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My letters, for the future will come to you, not from a School House but from the Cell of an Hermit. I am removed from Worcester to Braintree where I live secluded from all the Cares and Fatigues of busy Life in a Chamber which no mortal Visits but myself except once in a day to make my Bed. A Chamber which is furnished in a very curious manner, with all sorts of Hermetical Utensils. Here, no...
Braintree, October? 1758. Printed: JA, Earliest Diary The Earliest Diary of John Adams , ed. L. H. Butterfield and others, Cambridge, 1966. , p. 65–66 . Printed : ( JA, Earliest Diary The Earliest Diary of John Adams , ed. L. H. Butterfield and others, Cambridge, 1966. , p. 65–66 .)
Since my Arrival in this City, which was on the 9th. of this Month I had the Pleasure of your Letter concerning your Vessel which was sunk in the West Indies. I immediately waited on Dr. Franklin who informed me that he had received a similar Letter from you and in the Time of it applied to Court and obtained an order for your Compensation, which he transmitted to you, and which I hope you...
I have rec d , Yesterday, your obliging Letter of the fifth of December, having before received and answered as I Suppose, my Letter Book of that time being at Paris, those of July and August.— These Letters have given me great Pleasure as they let me into the Spirit of the Times and of Affairs in a Country, whose Happiness interests me very much. It would be improper for me perhaps, if I were...
I had last night the Pleasure of your Letter of Dec r: 21. I cannot, indeed Sir flatter myself at present that the Nation will receive, “the greatest Benefits” from any of my Labours in a public Line. It is a Consolation to me under all discouragements, to reflect upon services, which I have now & then had Opportunities of rendering. But such Occasions rarely occur: public Life is like a long...
My Son is going home, and for his sake as well as my own, I will not let him go without a Line to you. We are glad to find that Congress are in a Place where they may be comfortably accommodated, and are anxious to learn their Decisions. probably they may adjourn in June, but I hope they will accomplish something towards raising a Fund for the payment of the Interest of their Debts abroad and...
Your favour of Jan: 23. like all your other Letters, contains valuable information & judicious reflections— The time is now come, when the affairs of the United states must take a turn for the better or become much worse— The Impost I presume is granted to Congress by this time. I only wish it were 20 p r. Cent instead of 5— indeed if 40. were necessary, to pay the Compleat interest of the...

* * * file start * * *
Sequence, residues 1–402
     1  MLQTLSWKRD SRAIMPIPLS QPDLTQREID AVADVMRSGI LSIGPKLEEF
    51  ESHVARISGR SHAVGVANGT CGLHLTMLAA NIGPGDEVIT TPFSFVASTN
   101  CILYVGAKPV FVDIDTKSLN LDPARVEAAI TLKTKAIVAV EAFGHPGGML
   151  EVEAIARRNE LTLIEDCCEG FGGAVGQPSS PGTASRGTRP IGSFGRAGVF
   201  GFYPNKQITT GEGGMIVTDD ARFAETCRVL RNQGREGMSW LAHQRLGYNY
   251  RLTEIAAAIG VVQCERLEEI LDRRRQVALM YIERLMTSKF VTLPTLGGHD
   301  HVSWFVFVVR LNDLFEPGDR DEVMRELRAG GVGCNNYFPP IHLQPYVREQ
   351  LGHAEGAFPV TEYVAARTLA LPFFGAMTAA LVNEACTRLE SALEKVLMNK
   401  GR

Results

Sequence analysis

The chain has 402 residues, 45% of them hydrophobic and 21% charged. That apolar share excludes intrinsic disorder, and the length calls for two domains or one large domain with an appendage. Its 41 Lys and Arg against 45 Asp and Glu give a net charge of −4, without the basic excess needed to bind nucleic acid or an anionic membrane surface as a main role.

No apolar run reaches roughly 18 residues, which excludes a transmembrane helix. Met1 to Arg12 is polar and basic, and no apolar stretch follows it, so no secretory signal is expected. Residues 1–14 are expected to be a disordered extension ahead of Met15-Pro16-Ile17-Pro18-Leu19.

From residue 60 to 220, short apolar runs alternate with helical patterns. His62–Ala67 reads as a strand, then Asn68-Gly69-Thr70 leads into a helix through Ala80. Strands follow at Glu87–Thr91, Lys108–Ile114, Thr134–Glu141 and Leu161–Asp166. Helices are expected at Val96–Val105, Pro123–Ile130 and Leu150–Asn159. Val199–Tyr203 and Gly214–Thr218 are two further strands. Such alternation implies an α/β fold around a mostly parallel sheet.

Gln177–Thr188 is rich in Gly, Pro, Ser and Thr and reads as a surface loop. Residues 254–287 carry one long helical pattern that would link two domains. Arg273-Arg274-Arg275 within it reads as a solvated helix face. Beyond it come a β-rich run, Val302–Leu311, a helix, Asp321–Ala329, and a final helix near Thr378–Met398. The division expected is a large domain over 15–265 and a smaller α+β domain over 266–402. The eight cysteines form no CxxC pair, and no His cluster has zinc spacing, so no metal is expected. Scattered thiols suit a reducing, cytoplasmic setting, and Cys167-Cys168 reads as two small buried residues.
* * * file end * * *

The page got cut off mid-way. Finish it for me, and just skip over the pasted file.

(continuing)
Your favour of Jan: 23. like all your other Letters, contains valuable information & Judicious reflections— The time is now come, when the affairs of the United states must take a turn for the better or become much worse—The Impost I presume is granted to Congress by this time. I only wish it were 20 p r. Cent instead of 5—indeed if 40. were necessary, to pay the Compleat interest of the...
I received this morning with great Pleasure your friendly Letter of the 16, and thank you for your kind congratulations on an Event which seems determined in the public Opinion, tho not yet legally ascertained I have lost by the course of years so many of my Friends and so many others in their old Age, have become weathercocks that the Sight of correspondence of a few who have proved...
I have received your favr of the 28th Inst, and that of the 26th of March, and it is not for Want of Inclination, that the Letter has not been acknowledged before. I thank you for your kind Congratulations; but at my Age, and in the present and probable Circumstances of public affairs, I know not whether Condolences would not be more Natural. The Commissioners of the Federal City are Gentlemen...
I am as much in debt in the Litterary and Epistolary way, as our princes of modern speculation are in their pursuits; and I suppose for similar reasons, vz: want a Method in accuracy of account, no œconomy, and undertaking more than I am able of managing; to you I am indebted for three late Letters at least— The character drawn in the first and alluded to in the second, has always been civil...
I must beg your pardon for neglecting to answer your friendly letters for which I am obliged to you If congress moves the publick offices must all move as the law now stands. But all the prophets could not foresee what will happen in a year. I suppose the government will move. If there is any thing in particular that you have in view I pray you to indicate it. My disposition is so good that it...